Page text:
As you travel solo, being totally responsible for yourself, it’s inevitable that you will discover just how capable you are. I discovered a part of me I never knew existed when I had to confront everything that was out of my comfort zone.
Like everyone who has ever received an advice on travelling somewhere alone, I too received one. I added travelling to a place alone into my this year’s resolution, just to know what the hype is all about. Believe me, it’s worth all the hype!
Madikeri, a hill station in Karnataka is where I decided to try my first solo trip. Its a little far from Bangalore so taking a car didn’t seem like a good idea. I took a night bus and reached Madikeri around 4:00 A.M. It was dark, 14° cold and I just landed at a place I knew absolutely nothing about. I could call no one, there was no one around I could ask for directions, I was scared, I was cold and I can’t stand there on a deserted road so I kept walking on a road that had street lights.
Like a child, I was praying the sun would show up a little early that day. I didn’t find sun but found hope when I saw the city bus station in a few meters. I went inside, had a coffee and waited there till 7:00 A.M.
I had booked a 2 day home stay at Civet Creek Camp, Bettigeri. I got into the bus I needed to take to reach the camp. I paid the conductor and took the ticket. The bus moved through the greenest forest I have ever seen in life.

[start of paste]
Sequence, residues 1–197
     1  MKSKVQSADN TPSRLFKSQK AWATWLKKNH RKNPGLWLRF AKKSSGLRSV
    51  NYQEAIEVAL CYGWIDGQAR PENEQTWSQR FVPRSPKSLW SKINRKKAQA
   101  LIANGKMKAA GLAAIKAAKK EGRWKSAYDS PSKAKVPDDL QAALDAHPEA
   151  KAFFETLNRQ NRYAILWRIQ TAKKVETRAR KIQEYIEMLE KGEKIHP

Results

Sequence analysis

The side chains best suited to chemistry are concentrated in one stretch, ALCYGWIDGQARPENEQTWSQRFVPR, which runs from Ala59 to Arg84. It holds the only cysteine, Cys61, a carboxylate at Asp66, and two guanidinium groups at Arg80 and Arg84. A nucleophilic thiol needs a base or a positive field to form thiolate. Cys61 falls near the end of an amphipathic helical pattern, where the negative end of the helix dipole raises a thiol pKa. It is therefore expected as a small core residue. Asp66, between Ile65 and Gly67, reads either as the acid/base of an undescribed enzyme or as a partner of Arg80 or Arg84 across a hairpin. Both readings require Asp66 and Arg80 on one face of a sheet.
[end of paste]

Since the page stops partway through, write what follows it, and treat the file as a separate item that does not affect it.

While my eyes were enjoying the scenery I totally forgot I didn’t ask the driver to remind me when the bus reaches Bettigeri. I rushed to the conductor and asked him about my stop for which he said the bus was already 3 stops ahead. I got down at the next stop and took another bus back. I can’t make mistakes anymore so I asked a passenger to help me, he did and made me get down at Bettigeri Village. I approached a stranger and asked him about Civet Creek Estate. He told me I should have got down 2 stops later because that’s where Bettigeri town is. I hate buses! I was angry on myself and felt the whole idea of a solo trip to be a disaster. The exact moment a friend from Bangalore called me and gave me the most important advice of my life – “Stop looking at Google Map!” and helped me with the direction. I can’t rely on buses anymore, so I walked the remaining distance.
After reaching the town I took an auto to reach the camp site. All my worries and fears vanished the moment I saw how beautiful the place was. This is where I was going to spend my next two days.
The host was surprised I was alone because the camp doesn’t get lone guests so often. The last time some one came there alone was last year. Ouch! I wonder what he was thinking about me.
He took me to my tent, brought me coffee and left the place. It was silent and all I could hear was the sound of birds. There was no signal in my phone so absolutely no one I could talk to or chat on Whatsapp. I felt totally disconnected from my world.